Administering gentamicin with certain medications can result in health risks to your pet, so it is important to discuss all your pet’s medications with your veterinarian.

Gentamicin Directions

Follow the directions on the drug label or as provided by your veterinarian.

Wear gloves while applying gentamicin to prevent the spread of the bacteria to other areas, and always wash your hands after applying it.

Topical spray: Do not spray on ulcerated or burned skin. Do not allow your pet or other pets to lick or chew at the area where you used the spray for at least 30 minutes after application. Do not allow the spray to get into your pet’s eyes, mouth, or nose.

Eye drops: Have your pet’s eyes examined by a veterinarian first before applying gentamicin eye drops. Applying gentamicin in a deep corneal wound can cause toxicity to the eye.

Ear formula: Have your pet’s ears examined by a veterinarian first before applying gentamicin ear medication. Using gentamicin in a pet with a damaged ear drum can cause toxicity to the ear.

Missed a Dose?

Speak with your veterinarian about what to do if you forget to give a dose of gentamicin. They may instruct you to give the missed dose as soon as you remember and wait the normal amount of time until the next dose. If it is almost time for your pet’s next dose, your vet may instruct you to skip the missed dose and resume your normal dosing schedule. Do not give extra or double doses.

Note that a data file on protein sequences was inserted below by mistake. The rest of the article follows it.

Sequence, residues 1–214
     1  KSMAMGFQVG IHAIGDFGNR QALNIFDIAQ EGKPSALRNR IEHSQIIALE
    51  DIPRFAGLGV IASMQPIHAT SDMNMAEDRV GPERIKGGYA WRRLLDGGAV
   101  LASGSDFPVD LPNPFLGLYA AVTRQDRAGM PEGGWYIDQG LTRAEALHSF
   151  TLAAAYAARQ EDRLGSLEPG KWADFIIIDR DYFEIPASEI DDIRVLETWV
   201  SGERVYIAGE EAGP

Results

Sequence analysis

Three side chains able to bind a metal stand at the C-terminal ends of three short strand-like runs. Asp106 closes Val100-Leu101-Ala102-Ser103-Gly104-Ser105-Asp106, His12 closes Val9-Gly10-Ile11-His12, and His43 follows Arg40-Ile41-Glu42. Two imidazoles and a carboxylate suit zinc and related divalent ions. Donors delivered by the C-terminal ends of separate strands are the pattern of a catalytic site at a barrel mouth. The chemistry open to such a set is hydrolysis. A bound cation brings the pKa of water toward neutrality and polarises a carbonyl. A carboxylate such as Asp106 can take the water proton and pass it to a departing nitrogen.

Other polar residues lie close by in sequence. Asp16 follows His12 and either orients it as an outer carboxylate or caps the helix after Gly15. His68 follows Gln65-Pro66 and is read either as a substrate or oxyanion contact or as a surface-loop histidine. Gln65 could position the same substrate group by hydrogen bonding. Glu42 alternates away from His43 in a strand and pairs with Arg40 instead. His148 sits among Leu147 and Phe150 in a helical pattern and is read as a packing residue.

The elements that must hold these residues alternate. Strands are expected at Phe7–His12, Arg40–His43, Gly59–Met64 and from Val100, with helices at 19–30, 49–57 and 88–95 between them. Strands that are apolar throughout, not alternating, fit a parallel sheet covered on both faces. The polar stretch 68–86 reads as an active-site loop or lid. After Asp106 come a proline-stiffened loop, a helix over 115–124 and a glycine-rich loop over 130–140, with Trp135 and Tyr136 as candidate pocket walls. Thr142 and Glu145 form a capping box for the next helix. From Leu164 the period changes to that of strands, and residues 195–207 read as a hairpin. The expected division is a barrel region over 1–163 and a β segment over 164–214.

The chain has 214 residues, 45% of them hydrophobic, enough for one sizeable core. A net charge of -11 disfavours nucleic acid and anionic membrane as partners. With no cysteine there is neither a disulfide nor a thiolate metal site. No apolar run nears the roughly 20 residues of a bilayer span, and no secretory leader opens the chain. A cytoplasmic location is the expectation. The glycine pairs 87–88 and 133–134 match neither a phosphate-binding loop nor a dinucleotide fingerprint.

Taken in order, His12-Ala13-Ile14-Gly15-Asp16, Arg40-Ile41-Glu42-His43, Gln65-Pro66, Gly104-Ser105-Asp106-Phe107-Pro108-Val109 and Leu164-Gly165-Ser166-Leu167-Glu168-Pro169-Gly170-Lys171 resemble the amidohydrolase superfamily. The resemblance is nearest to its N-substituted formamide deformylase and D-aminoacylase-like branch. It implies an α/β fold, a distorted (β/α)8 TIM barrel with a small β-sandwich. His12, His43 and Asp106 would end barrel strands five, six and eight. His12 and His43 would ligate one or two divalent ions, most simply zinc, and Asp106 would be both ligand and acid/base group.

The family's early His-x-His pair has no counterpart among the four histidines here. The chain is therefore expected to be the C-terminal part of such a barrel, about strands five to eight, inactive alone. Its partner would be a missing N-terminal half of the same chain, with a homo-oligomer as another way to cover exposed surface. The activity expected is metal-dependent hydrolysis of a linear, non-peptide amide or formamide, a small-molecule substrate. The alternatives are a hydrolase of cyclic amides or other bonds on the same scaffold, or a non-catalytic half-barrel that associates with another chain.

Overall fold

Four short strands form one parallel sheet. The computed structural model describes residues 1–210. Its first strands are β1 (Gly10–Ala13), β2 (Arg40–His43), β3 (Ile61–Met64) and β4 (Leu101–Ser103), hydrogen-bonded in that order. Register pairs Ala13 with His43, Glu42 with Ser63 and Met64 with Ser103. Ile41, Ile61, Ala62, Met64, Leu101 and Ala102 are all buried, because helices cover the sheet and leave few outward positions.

Gentamicin Possible Side Effects

Gentamicin is generally well tolerated, but side effects may occur depending on the formulation and the other ingredients involved.

Gentamicin topical sprays and ear formulations, as well as some eye drops, contain corticosteroids, which may cause side effects including:

  • Increased thirst

  • Increased urination

  • Increased appetite

  • Thinning skin

  • Hair loss

  • Decreased muscle mass

  • Pot-bellied appearance

Gentamicin eye drops may cause:

  • Eye burning and irritation

  • Eye redness

Gentamicin ear medications may cause minor ear redness. Rarely, gentamicin ear medications can cause serious side effects such as:

  • Decreased appetite

  • Gastrointestinal signs such as vomiting and diarrhea

  • Sudden hearing loss

  • Ear pain

  • Head tilt and walking in circles

Human Side Effects

While gentamicin is also a human prescription medication, there are different dosages and side effects from those prescribed for your pet by a veterinarian. Due to possible side effects, pets should not be given any medicine prescribed for humans.